The Rolling Stones: Last Great, Last Good, First Bad Album
Fans and critics have probably declared the Rolling Stones both "creatively dead" and "miraculously reborn" dozens of times over the years. But when's the last time Mick Jagger, Keith Richards and company delivered a truly great record – and when did they first cross the line by releasing one that was flat-out bad? Six of our writers answer those and other questions about the Stones' recorded legacy below.
What's the last great Rolling Stones album?
Michael Gallucci: Tattoo You. Granted, much of the material dates back to sessions for mostly good albums in the '70s, but the way it all comes together is almost seamless. You'd never know some songs were recorded for Goats Head Soup while others were targeted for Emotional Rescue by listening to the album. In a way, Tattoo You is the Stones cleaning out their vaults before they truly committed to the '80s, which they did on the cluttered and misguided Undercover two years later.
Nick DeRiso: The gospels tell us 1981's Tattoo You is their last great album, but that project has always carried an asterisk for me – since it wasn't so much a new project as a compilation. (Two songs, including "Waiting on a Friend," traced all the way back to sessions from the early '70s.) So, for me, the last great album remains Some Girls, since that involved new songs produced in a room together, as a piece. They were coming off an often-unfocused dud (1976's Black and Blue), and the follow-up (1980's Emotional Rescue) felt a little too plasticine. That made the flinty raunch of what came in between all the more impressive.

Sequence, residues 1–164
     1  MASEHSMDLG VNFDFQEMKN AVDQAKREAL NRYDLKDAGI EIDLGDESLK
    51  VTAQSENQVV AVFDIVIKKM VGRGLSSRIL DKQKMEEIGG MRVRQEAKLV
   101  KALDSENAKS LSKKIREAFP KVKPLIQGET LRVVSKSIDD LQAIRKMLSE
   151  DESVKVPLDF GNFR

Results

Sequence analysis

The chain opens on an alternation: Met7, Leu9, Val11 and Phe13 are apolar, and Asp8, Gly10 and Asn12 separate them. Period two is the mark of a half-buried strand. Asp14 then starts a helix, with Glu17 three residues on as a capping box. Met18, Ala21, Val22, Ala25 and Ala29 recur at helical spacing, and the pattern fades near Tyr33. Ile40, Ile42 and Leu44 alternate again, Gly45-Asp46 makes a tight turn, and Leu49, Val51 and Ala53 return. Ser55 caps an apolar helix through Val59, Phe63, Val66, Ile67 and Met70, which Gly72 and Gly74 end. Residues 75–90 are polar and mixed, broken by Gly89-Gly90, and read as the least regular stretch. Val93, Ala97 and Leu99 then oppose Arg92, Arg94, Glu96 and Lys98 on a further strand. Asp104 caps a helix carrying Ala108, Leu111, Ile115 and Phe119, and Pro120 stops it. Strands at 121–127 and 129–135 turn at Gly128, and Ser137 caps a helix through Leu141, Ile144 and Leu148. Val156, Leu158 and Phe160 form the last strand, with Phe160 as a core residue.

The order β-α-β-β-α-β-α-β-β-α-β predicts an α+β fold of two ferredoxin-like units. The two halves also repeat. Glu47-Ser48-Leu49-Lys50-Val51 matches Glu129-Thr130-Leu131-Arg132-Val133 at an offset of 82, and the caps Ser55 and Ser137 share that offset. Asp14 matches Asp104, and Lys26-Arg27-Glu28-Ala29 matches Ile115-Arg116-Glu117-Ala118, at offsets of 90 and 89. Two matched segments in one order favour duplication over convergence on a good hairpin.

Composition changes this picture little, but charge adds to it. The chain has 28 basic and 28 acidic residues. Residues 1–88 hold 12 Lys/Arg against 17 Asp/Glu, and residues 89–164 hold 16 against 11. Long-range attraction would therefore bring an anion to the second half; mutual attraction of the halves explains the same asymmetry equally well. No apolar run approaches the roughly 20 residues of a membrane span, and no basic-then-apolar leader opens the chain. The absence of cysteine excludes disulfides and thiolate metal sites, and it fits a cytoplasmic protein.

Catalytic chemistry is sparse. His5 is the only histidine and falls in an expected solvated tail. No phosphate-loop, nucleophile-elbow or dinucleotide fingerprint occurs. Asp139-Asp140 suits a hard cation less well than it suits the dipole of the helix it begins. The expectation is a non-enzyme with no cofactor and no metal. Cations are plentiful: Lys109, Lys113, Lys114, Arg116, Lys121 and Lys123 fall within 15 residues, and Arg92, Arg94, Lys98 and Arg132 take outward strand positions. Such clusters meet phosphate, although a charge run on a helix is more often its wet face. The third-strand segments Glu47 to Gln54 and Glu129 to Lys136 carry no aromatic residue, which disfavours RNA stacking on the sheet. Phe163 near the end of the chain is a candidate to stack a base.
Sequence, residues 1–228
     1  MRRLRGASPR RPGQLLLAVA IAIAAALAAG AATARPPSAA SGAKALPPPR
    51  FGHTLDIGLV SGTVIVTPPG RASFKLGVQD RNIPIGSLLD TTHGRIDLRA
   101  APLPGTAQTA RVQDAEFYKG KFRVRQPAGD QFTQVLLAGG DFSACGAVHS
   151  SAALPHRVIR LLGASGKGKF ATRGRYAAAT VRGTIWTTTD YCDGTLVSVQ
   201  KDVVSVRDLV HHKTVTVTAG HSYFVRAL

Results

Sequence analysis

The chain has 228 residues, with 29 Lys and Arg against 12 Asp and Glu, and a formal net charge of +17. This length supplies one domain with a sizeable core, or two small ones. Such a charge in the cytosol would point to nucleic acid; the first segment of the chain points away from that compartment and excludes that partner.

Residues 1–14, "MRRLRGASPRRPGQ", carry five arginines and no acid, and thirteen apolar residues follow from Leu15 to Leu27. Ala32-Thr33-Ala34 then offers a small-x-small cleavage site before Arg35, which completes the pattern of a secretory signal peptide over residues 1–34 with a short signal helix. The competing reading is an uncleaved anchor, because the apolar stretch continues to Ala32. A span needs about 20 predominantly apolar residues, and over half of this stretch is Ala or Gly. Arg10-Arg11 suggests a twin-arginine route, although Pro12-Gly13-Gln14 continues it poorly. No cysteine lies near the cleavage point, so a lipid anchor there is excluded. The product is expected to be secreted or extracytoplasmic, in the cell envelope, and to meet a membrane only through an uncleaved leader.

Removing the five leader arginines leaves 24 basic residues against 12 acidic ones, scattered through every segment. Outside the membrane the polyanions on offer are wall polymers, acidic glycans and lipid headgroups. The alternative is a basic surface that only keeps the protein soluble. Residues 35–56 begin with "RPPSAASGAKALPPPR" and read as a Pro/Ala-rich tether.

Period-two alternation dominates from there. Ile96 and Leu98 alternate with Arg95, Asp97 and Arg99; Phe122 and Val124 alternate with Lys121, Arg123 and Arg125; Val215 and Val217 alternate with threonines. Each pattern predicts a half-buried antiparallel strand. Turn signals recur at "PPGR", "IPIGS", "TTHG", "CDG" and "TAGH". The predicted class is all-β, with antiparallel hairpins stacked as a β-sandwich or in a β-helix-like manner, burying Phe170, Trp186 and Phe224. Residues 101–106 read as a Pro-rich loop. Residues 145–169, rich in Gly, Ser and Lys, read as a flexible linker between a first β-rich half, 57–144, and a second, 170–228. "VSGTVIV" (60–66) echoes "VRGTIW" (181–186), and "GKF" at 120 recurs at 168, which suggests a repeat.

Martin Kielty: Tattoo You – “Start Me Up,” come on – was a breath of fresh air after a series of ‘70s knock-offs that had really tarnished the band’s reputation. It followed the sad trilogy of Black and Blue, Some Girls and Emotional Rescue, and even their titles illustrate a tired, listless lifestyle that wasn’t generating anything terribly inspired. While much of that material was delivered with the band’s classic suave style, there appeared to be too much musical indecision (perhaps a power struggle between Jagger and Richards). And definitely too much disco. It’s fair to say Tattoo You is not quite first among equals in the “great” pantheon, but it was a timely reminder that they could still be the Stones when they remembered not to just pretend to be the Stones. And again, “Start Me Up," come on.